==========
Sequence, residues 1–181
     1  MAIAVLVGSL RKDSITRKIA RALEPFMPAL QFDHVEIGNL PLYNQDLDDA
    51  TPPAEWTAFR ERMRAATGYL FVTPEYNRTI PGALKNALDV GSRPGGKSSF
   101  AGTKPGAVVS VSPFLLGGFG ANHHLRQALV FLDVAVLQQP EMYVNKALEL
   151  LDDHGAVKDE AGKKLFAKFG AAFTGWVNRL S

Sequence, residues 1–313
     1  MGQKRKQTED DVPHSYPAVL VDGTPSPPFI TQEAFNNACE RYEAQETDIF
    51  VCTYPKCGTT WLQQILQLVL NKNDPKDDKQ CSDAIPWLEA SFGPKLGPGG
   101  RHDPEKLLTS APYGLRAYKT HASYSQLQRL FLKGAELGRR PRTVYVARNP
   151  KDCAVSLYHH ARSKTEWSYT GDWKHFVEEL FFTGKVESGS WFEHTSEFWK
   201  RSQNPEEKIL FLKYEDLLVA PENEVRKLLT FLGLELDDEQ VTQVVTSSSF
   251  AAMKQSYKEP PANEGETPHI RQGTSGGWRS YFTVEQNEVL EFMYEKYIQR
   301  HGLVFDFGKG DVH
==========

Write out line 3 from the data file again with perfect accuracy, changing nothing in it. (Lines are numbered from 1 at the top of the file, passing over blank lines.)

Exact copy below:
    51  TPPAEWTAFR ERMRAATGYL FVTPEYNRTI PGALKNALDV GSRPGGKSSF